Raiders DC Graham talks defensive philosophy and ‘the illusion of complexity’

On the day Josh McDaniels took over as head coach, he had yet to officially name a defensive coordinator. Still, he was asked if the Raiders would go for a 4-3 or a 3-4. To which, he said, those base defenses don’t really exist in today’s NFL.

At the scouting combine, Josh McDaniels took to the podium for his second press conference, by which time he had hired Patrick Graham as defensive coordinator. And, of course, he was asked if the Raiders were thinking about a 4-3 or 3-4 defense. His response was the same.

On Friday, Patrick Graham took to the podium for his first press conference since being officially announced as the Raiders’ defensive coordinator. Any guesses as to the first question he received? Yes, he was asked the old 4-3 vs. 3-4 question. His answer was not surprising.

“The game is under-defensive. Period, close range,” Graham said, referring to the lack of a defined 4-3 or 3-4 base defense. “Whether it’s 11 staff we see off teams or 12 staff playing like 11 staff and the way we fight that a lot of the time is playing under defense. So when I say under defense, now you enter the 4-2-5 world Whatever the spacing – four down, five down, three down – whatever the spacing you really have dealing with a world of five DBs in the field at a time, and four bigger bodies with two linebackers.

“So to me, 4-3/3-4 talks are almost like they are antiquated, to be honest with you. What are you talking about under defense, do you have guys who can rush the passer? Yes. Got any guys who can stop the run? Yes. Do you have guys who can cover, who have shown they can cover in the past? Yes. So those are the three main things I’m looking for besides attacking myself, so, yeah, I’m good with that.

For those unfamiliar, 11 staff means one running back and one tight end. 12 staff means one running back and two tight ends.

Either way, the offense essentially lines up with three and even four receivers. Whether it’s two wide receivers and two tight ends or three wide receivers and one tight end receiver.

These instances being so common require defenses to line up in a 4-2-5, which means four defensive linemen, two linebackers and five defensive backs – usually two outside cornerbacks, two safeties and a nickel corner. .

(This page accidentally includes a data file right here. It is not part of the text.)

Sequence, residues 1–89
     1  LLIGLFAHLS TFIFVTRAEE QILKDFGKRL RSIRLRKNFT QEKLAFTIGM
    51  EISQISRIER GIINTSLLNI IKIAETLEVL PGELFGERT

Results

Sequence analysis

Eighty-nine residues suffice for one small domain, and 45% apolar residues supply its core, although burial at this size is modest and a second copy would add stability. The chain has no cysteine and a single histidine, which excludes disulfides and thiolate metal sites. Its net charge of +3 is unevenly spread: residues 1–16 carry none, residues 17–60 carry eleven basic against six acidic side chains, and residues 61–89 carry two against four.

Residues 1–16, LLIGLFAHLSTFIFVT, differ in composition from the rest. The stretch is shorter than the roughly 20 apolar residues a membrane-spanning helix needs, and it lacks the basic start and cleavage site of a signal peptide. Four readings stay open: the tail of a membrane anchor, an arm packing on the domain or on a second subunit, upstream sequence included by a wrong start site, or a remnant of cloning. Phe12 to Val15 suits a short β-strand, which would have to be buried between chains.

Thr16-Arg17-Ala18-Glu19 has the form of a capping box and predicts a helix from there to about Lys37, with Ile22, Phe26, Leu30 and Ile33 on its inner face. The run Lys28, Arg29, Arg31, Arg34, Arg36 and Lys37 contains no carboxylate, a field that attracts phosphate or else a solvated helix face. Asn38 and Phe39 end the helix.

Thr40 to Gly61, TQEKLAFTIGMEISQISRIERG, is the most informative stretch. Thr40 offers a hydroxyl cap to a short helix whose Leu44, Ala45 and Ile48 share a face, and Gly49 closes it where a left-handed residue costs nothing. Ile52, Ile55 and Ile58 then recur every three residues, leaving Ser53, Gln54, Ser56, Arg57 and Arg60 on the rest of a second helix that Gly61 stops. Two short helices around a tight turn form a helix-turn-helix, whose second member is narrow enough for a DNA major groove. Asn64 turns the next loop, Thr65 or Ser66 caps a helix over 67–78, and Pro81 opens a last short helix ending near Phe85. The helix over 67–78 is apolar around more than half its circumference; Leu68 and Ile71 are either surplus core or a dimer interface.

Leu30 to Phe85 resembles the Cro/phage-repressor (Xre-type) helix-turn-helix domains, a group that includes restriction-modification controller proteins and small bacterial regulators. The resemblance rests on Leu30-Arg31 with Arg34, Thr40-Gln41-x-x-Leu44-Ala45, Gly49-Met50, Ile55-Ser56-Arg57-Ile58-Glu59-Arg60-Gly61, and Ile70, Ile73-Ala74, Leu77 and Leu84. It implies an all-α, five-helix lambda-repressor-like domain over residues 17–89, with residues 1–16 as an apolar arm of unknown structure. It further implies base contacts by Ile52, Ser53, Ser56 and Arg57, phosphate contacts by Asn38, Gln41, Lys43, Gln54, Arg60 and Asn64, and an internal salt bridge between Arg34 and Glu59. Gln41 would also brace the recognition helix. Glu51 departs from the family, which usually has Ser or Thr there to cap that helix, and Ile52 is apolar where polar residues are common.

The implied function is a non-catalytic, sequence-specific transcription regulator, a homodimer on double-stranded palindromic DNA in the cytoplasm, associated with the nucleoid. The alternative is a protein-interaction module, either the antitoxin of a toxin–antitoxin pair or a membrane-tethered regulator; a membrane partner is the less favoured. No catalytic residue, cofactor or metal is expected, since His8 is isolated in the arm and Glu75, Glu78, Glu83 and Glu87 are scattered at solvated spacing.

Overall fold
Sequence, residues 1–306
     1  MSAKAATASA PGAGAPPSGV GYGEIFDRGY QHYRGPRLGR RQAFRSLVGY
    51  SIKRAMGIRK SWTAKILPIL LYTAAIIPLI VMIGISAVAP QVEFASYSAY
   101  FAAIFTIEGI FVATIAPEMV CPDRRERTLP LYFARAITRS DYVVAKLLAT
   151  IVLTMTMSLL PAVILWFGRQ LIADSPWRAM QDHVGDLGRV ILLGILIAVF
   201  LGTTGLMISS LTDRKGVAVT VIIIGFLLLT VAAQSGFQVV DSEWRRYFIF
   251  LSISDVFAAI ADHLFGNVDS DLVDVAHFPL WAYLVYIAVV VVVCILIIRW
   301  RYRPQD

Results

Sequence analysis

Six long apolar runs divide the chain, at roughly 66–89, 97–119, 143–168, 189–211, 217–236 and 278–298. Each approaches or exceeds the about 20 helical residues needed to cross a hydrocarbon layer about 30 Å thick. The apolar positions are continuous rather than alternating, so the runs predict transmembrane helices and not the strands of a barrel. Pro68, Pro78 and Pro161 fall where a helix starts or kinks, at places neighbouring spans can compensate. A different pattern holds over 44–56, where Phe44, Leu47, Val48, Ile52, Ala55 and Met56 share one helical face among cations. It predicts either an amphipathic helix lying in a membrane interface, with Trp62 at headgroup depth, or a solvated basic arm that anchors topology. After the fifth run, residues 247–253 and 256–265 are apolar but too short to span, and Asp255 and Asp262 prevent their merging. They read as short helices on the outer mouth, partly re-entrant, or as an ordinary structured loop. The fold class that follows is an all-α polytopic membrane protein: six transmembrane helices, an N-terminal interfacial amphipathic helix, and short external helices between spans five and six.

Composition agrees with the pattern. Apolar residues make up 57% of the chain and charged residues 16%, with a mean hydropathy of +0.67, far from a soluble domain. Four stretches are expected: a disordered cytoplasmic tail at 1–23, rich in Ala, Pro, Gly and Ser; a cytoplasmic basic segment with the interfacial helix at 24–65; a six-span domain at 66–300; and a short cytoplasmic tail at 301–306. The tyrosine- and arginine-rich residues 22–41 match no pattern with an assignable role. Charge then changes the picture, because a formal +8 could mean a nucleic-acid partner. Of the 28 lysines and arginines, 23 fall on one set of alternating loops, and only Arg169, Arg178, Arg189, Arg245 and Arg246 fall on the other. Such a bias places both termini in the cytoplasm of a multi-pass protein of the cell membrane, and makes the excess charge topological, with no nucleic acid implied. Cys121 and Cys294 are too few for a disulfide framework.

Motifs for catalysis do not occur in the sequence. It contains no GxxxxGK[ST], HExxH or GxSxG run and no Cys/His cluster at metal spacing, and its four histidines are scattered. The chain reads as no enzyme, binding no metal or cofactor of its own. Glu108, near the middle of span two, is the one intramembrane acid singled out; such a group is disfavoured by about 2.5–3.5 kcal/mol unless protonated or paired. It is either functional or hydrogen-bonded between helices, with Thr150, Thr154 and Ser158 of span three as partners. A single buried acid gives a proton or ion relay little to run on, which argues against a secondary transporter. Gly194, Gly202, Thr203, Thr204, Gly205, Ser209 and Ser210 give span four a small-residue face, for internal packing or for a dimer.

Hopefully this answer will finally eliminate the question of whether the Raiders run a 4-3 or 3-4 once and for all.

As for the three things Graham said he needs to make this defense work, he’s got a few pieces less at the moment. In particular, he is a shy DB (cornerback) and at least two big inside run stoppers. The pass rushers are the only thing he has.

Other than that, Graham discussed his philosophy, which if I may take from Raiders recent past basically suggests that it will look like something Paul Guenther might craft, but actually something closer to what Gus Bradley would elaborate.

“We are all teachers. What we do is come up with lesson plans and try to implement what we want to see in the field,” Graham said, noting that he won’t be doing anything particularly unique. “The complexity… it’s probably more of an *illusion* of complexity because honestly. . . if you think we’re close to doing so many covers and being good at it, it’s going to be very difficult. So it’s the illusion of being complex. What we’re trying to do with our lesson plans is teach guys concept football, teach them situational football, everything else Josh [McDaniels] talked about being smart, tough football, just making sure we get that stuff and from there it grows. It evolves more over time than creation. So we try to evolve the defense instead of trying to create new things every week. It’s a big part of what we do and it starts with conceptual learning early on.

When you hear players talk about their favorite defenses, they talk about how easy it is to play fast. Guenther’s defense was complex and confusing, causing players to second guess each other and take too long to think about where they needed to be instead of reacting quickly.

Complexity matters in the NFL, if only because so many good quarterbacks have the autonomy to cross the line, read the defense and call the audibles based on what they see.

If a team can cause confusion through disguises, while behind that is something easy for players to deal with, you get the best of both worlds.

Sharon D. Cole